CIA Director Gina Haspel, confirmed by the Senate last year amid accusations of involvement in torture, may have run a so-called ‘black site’ at Guantánamo Bay, Cuba. Haspel did not mention this role in her confirmation hearing.
Haspel’s apparent involvement in the site was revealed in the partially redacted transcript of a secret hearing held at Guantánamo last November. Haspel’s name was mentioned in court by a terror suspect’s defense lawyer, who argued that the CIA Director must testify before the court on classification guidelines for reports from the apparent black site.
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Torture allegedly took place at the site, and the defense lawyer noted that the prosecution was “not trying to cover up the torture… But the one thing that they’re not willing to talk about is the names of the people involved in the torture,” thanks to Haspel’s classification guidelines.
Haspel’s guidelines, the lawyer continued, “make it impossible for people at Guantánamo, who may have seen her when she was here as chief of base, to identify her and talk about it.”
‘Chief of base’ is CIA-speak for the officer in charge of one of the agency’s secret foreign outposts, including the clandestine prisons known as ‘black sites.’ The site in question here could refer to one of two such prisons at Guantánamo, code named ‘Maroon’ and ‘Indigo.’ The existence of these sites – separate from the main ‘Camp Delta’ naval base and prison – was revealed by the 2014 Senate torture report.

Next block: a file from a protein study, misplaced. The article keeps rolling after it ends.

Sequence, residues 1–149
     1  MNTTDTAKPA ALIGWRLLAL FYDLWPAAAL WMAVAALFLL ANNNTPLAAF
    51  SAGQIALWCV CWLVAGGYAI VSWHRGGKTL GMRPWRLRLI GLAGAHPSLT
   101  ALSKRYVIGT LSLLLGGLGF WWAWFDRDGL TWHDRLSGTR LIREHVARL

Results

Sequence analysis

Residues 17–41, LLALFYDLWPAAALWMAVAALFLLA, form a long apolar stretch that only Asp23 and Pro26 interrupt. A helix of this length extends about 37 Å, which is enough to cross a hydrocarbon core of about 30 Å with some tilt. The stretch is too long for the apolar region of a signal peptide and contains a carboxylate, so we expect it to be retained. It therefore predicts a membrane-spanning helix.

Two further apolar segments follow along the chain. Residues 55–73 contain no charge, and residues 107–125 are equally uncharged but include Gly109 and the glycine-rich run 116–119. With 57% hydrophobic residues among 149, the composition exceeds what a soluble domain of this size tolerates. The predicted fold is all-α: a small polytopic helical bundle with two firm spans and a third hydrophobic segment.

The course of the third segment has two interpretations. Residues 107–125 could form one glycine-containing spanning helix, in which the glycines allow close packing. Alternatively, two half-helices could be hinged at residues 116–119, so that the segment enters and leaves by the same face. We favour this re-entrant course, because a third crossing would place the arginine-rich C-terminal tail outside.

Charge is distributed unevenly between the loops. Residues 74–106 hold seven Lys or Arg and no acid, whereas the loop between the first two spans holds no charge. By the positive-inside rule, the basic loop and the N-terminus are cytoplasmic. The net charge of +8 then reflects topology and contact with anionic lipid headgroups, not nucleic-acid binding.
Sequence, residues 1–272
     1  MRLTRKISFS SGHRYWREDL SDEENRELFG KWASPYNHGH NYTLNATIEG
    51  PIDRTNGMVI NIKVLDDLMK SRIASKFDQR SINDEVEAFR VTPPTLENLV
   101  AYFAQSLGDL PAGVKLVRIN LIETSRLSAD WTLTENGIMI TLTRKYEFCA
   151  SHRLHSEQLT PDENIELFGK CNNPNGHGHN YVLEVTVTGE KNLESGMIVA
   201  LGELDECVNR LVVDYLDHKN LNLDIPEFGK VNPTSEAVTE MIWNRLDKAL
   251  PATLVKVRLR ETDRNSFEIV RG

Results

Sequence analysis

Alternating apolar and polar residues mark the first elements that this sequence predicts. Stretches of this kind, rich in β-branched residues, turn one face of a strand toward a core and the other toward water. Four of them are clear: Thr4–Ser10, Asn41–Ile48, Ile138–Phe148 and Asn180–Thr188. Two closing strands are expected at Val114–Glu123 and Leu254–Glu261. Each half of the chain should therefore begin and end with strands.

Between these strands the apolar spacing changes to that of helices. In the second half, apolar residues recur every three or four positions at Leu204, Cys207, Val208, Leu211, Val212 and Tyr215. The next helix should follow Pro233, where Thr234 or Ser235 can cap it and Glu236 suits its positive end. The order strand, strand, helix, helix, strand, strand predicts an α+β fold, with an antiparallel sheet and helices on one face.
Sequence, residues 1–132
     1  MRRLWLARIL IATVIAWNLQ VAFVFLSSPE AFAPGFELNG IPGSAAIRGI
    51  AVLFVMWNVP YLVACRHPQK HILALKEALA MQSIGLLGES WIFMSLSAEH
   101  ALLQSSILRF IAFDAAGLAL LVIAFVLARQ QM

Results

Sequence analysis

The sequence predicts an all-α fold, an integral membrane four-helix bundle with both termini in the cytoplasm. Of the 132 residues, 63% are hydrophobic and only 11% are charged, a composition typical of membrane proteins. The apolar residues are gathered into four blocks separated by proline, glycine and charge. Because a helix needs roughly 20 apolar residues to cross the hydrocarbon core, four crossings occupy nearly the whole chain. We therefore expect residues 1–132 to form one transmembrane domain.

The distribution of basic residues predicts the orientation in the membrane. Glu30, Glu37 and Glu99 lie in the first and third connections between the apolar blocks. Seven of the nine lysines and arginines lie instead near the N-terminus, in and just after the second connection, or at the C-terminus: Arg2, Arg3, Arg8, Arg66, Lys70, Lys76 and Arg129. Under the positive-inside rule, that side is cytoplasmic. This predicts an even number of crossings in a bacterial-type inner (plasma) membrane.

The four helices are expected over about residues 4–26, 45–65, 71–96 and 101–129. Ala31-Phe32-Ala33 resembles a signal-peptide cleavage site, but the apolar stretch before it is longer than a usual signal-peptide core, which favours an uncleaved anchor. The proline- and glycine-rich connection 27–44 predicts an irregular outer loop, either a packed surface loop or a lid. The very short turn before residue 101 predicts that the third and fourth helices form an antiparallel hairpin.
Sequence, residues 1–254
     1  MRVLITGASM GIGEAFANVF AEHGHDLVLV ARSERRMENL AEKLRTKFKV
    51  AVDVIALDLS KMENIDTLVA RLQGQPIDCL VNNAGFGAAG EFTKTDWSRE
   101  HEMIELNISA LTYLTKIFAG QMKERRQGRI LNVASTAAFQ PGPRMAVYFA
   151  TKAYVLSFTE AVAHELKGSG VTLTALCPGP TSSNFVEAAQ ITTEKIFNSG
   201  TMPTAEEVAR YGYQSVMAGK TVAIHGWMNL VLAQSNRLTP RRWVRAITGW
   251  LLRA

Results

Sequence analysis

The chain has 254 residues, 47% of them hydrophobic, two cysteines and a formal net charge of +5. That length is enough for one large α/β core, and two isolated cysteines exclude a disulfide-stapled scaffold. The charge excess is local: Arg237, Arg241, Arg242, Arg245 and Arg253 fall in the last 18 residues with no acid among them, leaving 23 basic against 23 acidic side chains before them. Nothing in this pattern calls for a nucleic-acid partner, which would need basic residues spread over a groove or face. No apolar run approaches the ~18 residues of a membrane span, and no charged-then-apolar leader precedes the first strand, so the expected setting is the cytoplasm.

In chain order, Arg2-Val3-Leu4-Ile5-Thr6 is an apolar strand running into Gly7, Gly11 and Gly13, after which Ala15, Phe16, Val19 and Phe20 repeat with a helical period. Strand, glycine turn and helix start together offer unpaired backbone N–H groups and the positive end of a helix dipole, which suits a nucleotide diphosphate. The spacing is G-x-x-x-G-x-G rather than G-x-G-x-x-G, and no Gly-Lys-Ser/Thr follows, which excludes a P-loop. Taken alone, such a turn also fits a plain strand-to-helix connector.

Both sites were operated by the CIA between September 2003 and April 2004, and captives there were ‘interrogated’ before being passed into US military custody at the main prison. While the names of the officers in charge of the main prison are public, the names of the CIA spooks running the ‘Maroon’ and ‘Delta’ sites are not.
If Haspel was indeed in charge of one of these sites, the position would fill one of the many blank spots in her 30 year career at the CIA. She was reticent to talk about these blank spots during her confirmation process last year, and her official CIA resumé notes that these assignments were short-term, covert assignments that remain classified.
Her time at the helm in Guantánamo would have most likely been short, former CIA counterterrorism officer-turned-whistleblower John Kiriakou told McClatchy.”Nobody wanted the job,” he said. “So they resorted to sending people on temporary duty assignments ranging from six weeks to nine months.”
Haspel was ‘intimately involved in torture’
The revelation could leave another black mark on Haspel’s career with the agency. Her confirmation last summer was met with intense opposition from former military and intelligence personnel, who accused her of being “intimately involved in torture;” and from some Democratic lawmakers, who pressed her on whether or not she would continue the CIA’s post-9/11 shady practices of torture and detention. (RT)